A federal appeals court ruled that when challenging the decision to invest a 401(k) plan primarily in employer's securities, plaintiffs must overcome a presumption that the investment was prudent.
The case was consolidated as a class action in 2007 after 13 lawsuits were brought against Citigroup and its top officials alleging they had breached their fiduciary duties by continuing to offer Citigroup stock as an investment option during a period when the company was facing tremendous financial losses because of the subprime mortgage crisis.
According to the employees' complaint, Citigroup had invested extensively in subprime mortgages and securities related to subprime mortgages in the mid-2000s. When the subprime mortgage market collapsed, Citigroup lost tens of billions of dollars in its subprime mortgage-related investments, and Citigroup's stock lost more than half of its value during the period at issue. The employees alleged that Citigroup and its officials knew that the company would sustain heavy losses from the subprime mortgage investments but failed to tell the employees about the company's immense subprime loan loss exposure. During the class period of January 1, 2007, to January 15, 2008, Citigroup's 401(k) pension plans held over $2 billion worth of Citigroup stock.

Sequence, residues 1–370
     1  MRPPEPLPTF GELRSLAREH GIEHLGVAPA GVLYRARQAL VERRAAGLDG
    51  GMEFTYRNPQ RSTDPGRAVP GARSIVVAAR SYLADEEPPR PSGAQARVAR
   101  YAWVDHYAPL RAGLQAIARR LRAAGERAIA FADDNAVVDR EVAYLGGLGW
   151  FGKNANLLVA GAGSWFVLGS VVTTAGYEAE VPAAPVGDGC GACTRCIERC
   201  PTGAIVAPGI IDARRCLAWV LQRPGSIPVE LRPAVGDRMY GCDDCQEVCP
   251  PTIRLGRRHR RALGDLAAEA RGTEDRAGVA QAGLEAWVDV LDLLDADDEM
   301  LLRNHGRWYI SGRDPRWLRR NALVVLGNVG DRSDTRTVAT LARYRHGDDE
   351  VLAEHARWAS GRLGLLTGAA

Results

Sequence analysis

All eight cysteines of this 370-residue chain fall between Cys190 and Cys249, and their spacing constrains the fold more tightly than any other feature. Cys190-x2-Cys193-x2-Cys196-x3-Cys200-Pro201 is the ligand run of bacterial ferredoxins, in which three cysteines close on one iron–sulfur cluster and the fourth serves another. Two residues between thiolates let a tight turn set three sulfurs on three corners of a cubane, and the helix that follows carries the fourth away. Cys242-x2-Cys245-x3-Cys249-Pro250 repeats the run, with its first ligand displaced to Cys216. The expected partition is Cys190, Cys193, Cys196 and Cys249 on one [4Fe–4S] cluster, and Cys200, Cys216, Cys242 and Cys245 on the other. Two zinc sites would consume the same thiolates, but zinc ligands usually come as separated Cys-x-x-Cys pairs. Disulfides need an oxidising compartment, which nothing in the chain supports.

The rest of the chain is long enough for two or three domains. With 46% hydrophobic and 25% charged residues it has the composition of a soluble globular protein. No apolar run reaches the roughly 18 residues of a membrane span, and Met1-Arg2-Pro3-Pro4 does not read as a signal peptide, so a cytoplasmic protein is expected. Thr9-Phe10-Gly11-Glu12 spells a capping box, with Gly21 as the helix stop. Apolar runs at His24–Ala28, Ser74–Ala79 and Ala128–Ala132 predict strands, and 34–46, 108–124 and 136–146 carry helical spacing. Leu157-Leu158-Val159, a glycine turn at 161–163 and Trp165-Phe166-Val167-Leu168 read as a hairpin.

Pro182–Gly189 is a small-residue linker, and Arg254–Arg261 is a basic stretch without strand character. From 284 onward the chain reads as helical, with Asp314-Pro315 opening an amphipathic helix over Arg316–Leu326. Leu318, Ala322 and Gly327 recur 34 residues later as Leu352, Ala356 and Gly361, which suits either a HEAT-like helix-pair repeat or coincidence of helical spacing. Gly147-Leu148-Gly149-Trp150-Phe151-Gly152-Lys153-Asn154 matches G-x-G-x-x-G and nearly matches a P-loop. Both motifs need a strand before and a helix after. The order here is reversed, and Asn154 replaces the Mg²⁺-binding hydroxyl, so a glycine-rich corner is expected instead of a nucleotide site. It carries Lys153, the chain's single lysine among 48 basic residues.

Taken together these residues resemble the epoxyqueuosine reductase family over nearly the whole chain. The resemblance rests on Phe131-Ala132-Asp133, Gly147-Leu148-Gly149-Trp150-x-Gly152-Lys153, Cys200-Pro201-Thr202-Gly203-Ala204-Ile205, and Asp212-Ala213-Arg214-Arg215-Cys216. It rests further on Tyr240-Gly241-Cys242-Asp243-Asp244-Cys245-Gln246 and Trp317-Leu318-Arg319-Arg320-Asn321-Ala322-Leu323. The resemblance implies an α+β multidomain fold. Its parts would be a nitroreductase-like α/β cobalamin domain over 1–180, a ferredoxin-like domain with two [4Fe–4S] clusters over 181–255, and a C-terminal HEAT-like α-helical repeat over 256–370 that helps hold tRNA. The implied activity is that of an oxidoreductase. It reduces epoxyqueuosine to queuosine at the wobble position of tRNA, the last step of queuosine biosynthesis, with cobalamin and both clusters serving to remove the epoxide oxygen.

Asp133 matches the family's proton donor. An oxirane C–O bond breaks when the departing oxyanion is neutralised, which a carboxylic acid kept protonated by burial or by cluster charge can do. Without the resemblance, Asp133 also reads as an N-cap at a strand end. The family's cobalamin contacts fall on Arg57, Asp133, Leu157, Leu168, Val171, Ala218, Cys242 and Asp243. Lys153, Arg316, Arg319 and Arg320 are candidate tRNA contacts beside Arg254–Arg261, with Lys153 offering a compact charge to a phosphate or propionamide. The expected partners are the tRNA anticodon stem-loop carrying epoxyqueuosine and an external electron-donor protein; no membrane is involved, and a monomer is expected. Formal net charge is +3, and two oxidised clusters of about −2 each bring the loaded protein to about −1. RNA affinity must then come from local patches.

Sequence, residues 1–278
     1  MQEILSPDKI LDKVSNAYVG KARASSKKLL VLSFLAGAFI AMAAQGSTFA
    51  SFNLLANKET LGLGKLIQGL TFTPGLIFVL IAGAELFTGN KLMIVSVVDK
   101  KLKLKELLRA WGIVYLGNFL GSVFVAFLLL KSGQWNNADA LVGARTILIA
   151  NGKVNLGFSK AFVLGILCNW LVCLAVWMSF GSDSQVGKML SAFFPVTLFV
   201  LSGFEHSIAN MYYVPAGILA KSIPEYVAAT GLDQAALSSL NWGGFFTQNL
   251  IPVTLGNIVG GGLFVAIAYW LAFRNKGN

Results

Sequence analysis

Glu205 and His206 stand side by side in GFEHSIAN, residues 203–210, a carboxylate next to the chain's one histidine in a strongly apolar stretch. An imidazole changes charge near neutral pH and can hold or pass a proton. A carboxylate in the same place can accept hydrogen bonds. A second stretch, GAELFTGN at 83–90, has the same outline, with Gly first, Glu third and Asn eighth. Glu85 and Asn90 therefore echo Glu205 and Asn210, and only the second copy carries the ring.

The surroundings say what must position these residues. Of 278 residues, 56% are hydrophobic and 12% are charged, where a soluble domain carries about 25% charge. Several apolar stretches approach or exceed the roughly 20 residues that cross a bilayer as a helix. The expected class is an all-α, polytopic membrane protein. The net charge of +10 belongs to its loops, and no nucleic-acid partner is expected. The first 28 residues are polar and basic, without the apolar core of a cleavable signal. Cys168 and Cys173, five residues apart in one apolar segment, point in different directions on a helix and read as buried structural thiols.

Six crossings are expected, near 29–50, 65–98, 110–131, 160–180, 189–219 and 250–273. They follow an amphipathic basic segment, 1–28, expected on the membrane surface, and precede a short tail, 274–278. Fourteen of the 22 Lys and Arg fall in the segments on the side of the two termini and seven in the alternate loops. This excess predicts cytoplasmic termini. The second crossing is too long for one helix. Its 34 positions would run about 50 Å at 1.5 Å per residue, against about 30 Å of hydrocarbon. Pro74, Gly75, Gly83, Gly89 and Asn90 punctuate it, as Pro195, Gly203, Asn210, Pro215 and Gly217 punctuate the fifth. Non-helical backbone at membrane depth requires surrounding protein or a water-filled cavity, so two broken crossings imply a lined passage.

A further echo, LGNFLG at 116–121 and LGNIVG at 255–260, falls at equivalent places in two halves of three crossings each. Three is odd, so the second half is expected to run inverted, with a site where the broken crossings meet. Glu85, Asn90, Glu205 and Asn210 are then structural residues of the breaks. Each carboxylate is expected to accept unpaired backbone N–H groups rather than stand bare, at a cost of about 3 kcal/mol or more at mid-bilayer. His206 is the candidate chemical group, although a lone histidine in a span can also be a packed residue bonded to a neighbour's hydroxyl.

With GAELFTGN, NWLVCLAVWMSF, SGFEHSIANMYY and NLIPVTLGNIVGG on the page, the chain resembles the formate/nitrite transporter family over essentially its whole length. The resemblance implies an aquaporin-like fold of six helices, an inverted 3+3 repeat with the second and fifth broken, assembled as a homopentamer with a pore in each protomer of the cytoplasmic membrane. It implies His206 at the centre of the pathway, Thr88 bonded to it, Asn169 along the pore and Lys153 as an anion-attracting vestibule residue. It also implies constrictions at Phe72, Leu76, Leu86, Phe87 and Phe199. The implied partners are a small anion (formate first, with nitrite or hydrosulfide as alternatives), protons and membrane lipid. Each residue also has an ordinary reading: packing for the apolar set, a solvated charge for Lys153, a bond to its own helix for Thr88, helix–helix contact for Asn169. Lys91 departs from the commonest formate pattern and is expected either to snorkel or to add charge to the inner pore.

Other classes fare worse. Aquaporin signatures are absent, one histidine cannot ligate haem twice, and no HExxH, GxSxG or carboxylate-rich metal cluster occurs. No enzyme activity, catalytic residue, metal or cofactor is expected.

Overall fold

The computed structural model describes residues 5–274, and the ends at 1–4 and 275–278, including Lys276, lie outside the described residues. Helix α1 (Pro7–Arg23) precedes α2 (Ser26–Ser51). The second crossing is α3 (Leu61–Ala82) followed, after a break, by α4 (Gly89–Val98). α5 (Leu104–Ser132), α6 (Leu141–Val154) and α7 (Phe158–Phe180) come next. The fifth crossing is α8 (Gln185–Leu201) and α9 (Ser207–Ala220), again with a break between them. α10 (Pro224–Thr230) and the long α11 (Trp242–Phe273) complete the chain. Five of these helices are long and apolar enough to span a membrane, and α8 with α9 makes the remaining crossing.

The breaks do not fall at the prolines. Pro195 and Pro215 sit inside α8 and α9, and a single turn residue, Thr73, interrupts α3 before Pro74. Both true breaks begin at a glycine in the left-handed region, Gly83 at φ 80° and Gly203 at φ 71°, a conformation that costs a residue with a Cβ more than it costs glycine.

In August 2009, the district court issued an opinion and order dismissing all allegations in the complaint. Relying on the "Moench" presumption, which finds that the offering of employer stock in a 401(k) plan as an investment option is presumptively prudent, the district court held that the presumption applies at the pleadings stage and had not been overcome. The district court reasoned that the allegations concerning Citigroup's subprime investments did not result in the type of dire situation that would have caused the defendants to change its offering of the employer stock as an investment option.
AARP's "friend of the court" brief filed by AARP Foundation Litigation attorneys argued the district court erred by refusing to read the statute as written. At least one entity must be a fiduciary and have responsibility regarding plan investments.
In considering the appeal, the Second Circuit joined the Third, Fifth, Sixth and Ninth Circuits in adopting a presumption of prudence regarding the decision of a fiduciary of a 401(k) plan to include and keep employer securities as an investment option in 401(k) plans. The court held that the fiduciary's actions in allowing participants to continue to invest in the fund after a significant drop in price should be reviewed using an abuse of discretion standard. Plaintiffs failed to rebut the presumption of prudence because they could not show that the defendants knew or should have known that Citigroup was in a "dire situation." The dissent argued that the presumption of prudence is "fundamentally unsound."
What's at Stake
Employees who invest in their employer's securities in a 401(k) plan may not have any recourse against the plan if the stock price plummets unless their employer is in "a dire situation," by which time it may be too late for any recovery.
In re: Citigroup ERISA Litigation was decided by the U.S. Court of Appeals for the Second Circuit.
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